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Central Heights Condominium Association Inc. v. Little Falls Savings and Loan Association

New Jersey Superior Court, Appellate Division

Decided: October 24, 1991.


On appeal from Superior Court, Law Division, Ocean County.

Antell, Baime and Thomas. The opinion of the court was delivered by Antell, P.J.A.D.


This suit was brought by a condominium association against a mortgagee in possession who completed construction of the condominium building after the builder defaulted. Defendant third-party plaintiff, Little Falls Savings and Loan Association (hereinafter "Little Falls"), appeals from an order for summary judgment dismissing its third-party complaint against the New Jersey Department of Community Affairs (hereinafter "DCA"). The dismissed pleading sought indemnification under the New Home Warranty and Builders' Registration Act, N.J.S.A. 46:3B-1, et seq., for whatever liability to the plaintiff might be imposed upon Little Falls. A brief explanation of the material legislative and regulatory context will be helpful.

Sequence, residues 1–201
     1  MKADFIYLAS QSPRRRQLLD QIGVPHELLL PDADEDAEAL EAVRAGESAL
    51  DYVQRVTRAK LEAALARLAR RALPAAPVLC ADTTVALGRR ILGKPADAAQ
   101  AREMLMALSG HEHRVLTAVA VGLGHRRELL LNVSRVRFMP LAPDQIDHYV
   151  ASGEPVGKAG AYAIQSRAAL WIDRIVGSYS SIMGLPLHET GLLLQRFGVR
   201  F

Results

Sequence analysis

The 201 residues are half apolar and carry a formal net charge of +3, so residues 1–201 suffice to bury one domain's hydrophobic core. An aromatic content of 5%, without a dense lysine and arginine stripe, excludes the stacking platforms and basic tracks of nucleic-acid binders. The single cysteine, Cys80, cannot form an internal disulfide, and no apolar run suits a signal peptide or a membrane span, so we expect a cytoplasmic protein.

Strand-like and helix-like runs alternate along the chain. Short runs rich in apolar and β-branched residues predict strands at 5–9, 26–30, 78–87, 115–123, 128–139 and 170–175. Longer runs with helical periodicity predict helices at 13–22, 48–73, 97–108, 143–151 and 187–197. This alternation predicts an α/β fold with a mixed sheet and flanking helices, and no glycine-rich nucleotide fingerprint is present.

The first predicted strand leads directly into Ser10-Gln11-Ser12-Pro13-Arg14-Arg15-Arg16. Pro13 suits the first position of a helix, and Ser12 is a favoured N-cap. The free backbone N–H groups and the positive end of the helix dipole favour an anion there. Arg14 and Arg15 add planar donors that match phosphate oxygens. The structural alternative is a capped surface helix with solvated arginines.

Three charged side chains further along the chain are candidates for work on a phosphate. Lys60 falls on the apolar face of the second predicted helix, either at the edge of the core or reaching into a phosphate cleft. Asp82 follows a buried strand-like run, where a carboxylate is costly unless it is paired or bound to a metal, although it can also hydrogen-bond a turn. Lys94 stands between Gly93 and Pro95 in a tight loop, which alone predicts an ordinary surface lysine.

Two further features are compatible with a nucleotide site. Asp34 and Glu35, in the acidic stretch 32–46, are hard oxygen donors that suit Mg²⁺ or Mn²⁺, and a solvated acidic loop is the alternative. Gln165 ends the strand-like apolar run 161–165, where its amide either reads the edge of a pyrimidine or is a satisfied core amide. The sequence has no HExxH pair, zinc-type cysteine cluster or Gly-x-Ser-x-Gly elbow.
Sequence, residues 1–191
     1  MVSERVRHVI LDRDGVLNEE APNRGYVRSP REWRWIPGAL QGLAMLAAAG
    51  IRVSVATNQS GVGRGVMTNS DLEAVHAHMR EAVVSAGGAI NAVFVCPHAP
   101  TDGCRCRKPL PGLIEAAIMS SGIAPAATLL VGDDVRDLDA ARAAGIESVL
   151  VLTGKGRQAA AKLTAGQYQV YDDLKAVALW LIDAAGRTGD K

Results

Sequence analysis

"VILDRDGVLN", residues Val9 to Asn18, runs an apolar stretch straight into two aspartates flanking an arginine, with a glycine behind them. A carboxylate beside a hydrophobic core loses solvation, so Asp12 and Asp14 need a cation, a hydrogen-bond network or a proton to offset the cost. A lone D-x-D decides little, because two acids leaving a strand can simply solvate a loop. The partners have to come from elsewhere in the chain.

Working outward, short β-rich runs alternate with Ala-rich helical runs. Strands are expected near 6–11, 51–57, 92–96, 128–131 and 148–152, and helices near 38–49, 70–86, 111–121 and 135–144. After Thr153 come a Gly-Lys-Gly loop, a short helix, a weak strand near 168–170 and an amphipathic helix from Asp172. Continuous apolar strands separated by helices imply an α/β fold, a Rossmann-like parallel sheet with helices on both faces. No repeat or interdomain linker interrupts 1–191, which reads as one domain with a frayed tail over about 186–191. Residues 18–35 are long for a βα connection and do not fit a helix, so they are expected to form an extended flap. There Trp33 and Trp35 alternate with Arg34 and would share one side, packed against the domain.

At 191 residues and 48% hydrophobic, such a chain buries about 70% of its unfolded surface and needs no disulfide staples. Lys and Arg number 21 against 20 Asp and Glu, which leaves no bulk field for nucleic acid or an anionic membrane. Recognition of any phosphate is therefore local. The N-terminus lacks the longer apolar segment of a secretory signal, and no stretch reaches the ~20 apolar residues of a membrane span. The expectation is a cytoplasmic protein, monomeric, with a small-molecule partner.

The purpose of the New Home Warranty and Builders' Registration Act (hereinafter "Act") is to establish a fund of money sufficient to pay claims by owners against builders for new home defects. N.J.S.A. 46:3B-7. Administration of the program is confided to the Commissioner of the Department of

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Community Affairs (hereinafter "Commissioner") who is authorized to prescribe by regulation a new home warranty and procedures to implement and process claims against the New Home Warranty Security Fund, N.J.S.A. 46:3B-3a.

Prior to engaging in the business of constructing new homes builders must register with DCA and obtain a certificate of registration, N.J.S.A. 46:3B-5. As a condition of registration, builders are required to participate in the New Home Warranty Security Fund (hereinafter "fund") and contribute thereto in amounts established from time-to-time by the DCA, N.J.S.A. 46:3B-7a. The scope and applicability of the warranty are dealt with by DCA under N.J.A.C. 5:25-3.1. Under N.J.A.C. 5:25-5.4(a) builders are obliged to contribute to the fund 0.4 percent of the purchase price of each new house when sold.